In planning terms, until recently, the situation was much less clear. Planning legislation in the UK did not explicitly recognise HMOs. The way land and property is used is classified by Use Class Orders (one Order for each part of the UK). Change of use from one class to another usually requires planning permission. England & Wales were covered by the Town & Country Planning (Use Classes) Order 1987 (SI 1987 764). Residential uses were grouped in Class C, comprising C1 (Hotels), C2 (Residential Institutions) and C3, Dwelling Houses – meaning six or less residents, unless living together as a family. So planning permission was needed only for houses with more than six residents, who were not living as a family – by default, this was the planning definition of HMO (what counts as living together as a family remained debatable) [see footnote 1].

Scotland is covered by the Town & Country Planning (Use Classes) (Scotland) Order 1997 (SI 1997 3061 [S.195]), and the situation is similar, except that the threshold is five residents. Class 9 covers Houses occupied by a family or not more than five residents living together [and also small B&Bs]; again therefore, by default, a HMO is a house with more than five residents not living together. (Flats are excepted: local authorities therefore have the discretion to decide what constitutes development; most concur with the Order, but there are exceptions.)

The exception in planning terms was Northern Ireland. A new Use Class Order came into effect in 2004 (The Planning [Use Classes] Order [Northern Ireland] 2004, Statutory Rule 2004 458). This Order adopted the definition of HMO from housing legislation, the Housing Order of 2003: ‘house in multiple occupation’ means a house occupied by more than two persons who are not all members of the same family. Furthermore, HMOs were specifically excluded from Class C, Residential Uses (meaning that any change of use to HMO requires planning permission).

However, on 27 January 2010, John Healey MP, Minister for Planning, announced that the Use Class Order in England would be amended, to define HMOs and subject them to planning permission. Statutory Instrument 2010 No. 653 The Town and Country Planning (Use Classes) (Amendment) (England) Order 2010 was made on 8 March: first of all, Class C3 adopted the definition in the Housing Act 2004 of 'single household' (a couple and/or immediate relatives); secondly, a new Class C4 HMOs was introduced; and finally, this Class adopted the definition in the Housing Act of 'HMO' (three or more unrelated people sharing a dwelling). The new Order came into force on 6 April 2010. Any change of use to HMO required planning permission. However, on 1 October, the new government made change of use to HMO permitted development, with Statutory Instrument 2010 No. 2134 The Town and Country Planning (General Permitted Development) (Amendment) (no 2) (England) Order 2010. (This permitted development right may be withdrawn by means of an Article 4 Direction.)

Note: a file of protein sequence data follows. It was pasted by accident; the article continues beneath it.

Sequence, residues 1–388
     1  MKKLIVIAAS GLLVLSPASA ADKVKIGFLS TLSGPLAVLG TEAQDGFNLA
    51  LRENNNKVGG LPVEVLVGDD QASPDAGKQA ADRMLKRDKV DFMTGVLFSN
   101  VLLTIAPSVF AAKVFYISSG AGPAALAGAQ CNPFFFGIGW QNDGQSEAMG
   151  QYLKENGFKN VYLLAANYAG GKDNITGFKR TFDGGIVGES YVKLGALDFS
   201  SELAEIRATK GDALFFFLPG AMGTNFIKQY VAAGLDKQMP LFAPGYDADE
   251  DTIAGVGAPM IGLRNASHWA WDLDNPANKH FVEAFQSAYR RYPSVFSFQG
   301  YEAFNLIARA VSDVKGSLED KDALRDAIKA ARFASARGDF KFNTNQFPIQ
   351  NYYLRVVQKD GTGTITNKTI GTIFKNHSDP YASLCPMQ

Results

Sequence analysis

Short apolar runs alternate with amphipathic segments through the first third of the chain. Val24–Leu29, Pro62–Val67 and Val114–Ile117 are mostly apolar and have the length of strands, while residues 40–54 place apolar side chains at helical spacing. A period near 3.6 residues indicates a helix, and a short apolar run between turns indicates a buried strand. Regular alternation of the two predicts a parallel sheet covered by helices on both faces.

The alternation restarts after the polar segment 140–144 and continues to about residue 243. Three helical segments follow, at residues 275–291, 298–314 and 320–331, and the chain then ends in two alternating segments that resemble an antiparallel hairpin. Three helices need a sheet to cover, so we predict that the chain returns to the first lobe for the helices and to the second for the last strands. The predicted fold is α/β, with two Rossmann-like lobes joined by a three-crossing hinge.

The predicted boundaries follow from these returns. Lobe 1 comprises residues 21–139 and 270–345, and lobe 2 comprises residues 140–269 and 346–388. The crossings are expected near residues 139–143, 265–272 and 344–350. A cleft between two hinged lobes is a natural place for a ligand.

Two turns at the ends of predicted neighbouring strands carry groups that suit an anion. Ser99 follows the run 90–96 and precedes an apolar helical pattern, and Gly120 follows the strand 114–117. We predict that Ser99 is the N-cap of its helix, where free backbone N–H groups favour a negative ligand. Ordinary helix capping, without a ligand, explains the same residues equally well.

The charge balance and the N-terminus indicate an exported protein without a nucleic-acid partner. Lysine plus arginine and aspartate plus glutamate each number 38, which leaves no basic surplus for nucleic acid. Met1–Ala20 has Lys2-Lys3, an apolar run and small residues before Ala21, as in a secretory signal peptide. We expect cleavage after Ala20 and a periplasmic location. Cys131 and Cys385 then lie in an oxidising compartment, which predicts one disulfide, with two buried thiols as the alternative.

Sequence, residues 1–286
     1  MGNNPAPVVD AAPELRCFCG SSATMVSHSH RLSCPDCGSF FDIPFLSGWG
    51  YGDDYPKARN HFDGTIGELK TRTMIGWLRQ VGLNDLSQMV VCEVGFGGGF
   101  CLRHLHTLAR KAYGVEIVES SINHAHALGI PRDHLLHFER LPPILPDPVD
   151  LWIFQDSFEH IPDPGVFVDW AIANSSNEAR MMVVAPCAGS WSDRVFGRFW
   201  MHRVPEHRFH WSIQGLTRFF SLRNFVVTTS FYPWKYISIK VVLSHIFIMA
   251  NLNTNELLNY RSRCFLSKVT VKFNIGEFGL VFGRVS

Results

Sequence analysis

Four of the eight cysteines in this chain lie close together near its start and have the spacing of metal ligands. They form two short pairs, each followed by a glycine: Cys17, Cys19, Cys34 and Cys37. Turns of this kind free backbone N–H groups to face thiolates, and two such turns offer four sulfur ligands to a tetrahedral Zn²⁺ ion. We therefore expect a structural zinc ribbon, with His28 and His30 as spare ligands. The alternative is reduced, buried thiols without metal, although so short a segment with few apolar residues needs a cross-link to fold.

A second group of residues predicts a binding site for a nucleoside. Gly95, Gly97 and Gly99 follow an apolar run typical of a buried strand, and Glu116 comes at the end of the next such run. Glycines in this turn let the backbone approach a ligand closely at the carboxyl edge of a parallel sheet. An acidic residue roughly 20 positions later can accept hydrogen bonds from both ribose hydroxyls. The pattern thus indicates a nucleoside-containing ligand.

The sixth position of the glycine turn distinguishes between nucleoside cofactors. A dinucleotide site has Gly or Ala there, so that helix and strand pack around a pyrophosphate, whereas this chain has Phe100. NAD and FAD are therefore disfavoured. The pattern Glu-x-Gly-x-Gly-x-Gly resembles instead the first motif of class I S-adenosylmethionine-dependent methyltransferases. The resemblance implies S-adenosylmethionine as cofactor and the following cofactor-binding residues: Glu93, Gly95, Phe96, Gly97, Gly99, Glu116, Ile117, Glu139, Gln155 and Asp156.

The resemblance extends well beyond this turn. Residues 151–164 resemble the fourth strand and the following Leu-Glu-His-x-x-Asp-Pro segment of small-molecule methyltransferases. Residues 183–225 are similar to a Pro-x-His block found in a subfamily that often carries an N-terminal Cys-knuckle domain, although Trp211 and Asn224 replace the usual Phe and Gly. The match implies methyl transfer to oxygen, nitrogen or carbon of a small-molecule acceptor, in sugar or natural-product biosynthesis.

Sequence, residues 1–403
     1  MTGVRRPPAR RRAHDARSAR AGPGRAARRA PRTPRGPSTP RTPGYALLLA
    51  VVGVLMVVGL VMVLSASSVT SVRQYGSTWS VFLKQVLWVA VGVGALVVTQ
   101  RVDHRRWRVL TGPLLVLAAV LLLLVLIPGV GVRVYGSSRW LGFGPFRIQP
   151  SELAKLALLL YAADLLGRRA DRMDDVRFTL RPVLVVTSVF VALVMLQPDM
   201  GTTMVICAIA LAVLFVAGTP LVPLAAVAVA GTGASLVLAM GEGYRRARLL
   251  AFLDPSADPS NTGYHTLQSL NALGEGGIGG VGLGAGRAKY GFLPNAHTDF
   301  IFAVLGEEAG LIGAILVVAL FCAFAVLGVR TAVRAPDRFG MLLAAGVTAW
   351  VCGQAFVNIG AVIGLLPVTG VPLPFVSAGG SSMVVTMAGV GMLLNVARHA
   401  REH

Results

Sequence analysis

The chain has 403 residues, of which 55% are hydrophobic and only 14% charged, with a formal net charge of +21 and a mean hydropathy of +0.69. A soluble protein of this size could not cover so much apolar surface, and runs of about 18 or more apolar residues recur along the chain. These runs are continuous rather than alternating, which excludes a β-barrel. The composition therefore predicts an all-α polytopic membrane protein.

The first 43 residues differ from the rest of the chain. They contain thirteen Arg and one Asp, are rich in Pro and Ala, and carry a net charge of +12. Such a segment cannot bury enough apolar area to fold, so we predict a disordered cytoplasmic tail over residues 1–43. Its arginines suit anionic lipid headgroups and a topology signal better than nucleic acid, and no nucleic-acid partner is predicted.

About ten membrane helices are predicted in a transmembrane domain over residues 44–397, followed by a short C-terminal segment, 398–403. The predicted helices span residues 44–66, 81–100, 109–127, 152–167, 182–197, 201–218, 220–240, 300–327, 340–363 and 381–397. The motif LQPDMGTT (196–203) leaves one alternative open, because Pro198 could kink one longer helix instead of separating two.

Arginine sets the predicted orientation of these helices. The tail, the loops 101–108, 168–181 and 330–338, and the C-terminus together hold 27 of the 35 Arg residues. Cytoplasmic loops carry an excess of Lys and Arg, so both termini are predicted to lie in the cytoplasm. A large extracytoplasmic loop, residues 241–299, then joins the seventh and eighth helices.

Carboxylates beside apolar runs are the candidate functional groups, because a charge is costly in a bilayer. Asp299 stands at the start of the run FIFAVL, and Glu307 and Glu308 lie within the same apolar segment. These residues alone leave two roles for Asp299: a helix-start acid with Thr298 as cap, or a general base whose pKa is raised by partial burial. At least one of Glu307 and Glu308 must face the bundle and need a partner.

Wales followed suit in 2016: on 25 February, Welsh Statutory Instrument 2016 No. 28 (W. 10), The Town and Country Planning (Use Classes) (Amendment) (Wales) Order 2016 came into force, excluding small HMOs fron Use Class C3, creating a new Use Class C4 for small HMOs, and adopting the definitions of both from the Housing Act 2004. Thus, change of use from C3 to C4 requires planning permission in Wales. On the same date, Welsh Statutory Instrument 2016 No. 29 (W. 11), The Town and Country Planning (General Permitted Development) (Amendment) (Wales) Order 2016, also came into force: this made conversion of HMO (C4) to dwelling (C3) permitted development - but it did not make change of use from C3 to C4 into permitted development in Wales (unlike England).

In most of the UK therefore there is now an identical definition of HMO in both housing and planning legislation. Scotland awaits alignment.

Regardless of the legislation, in terms of actual use, a HMO is a unique class of property (as is now largely recognised). The use of HMOs is distinctive in four different ways.
· Occupancy: the occupation of HMOs is intensive, higher than an ordinary dwelling house, and equal to a high-season hotel. (This entails high levels of noise, traffic and waste.)
· Occupants: typically, the occupants of a HMO are from one narrow age range (young adults), unlike the wider mix in most other residential uses (two or even three generations). (This has lifestyle implications, with higher than usual levels of noise, traffic and waste.)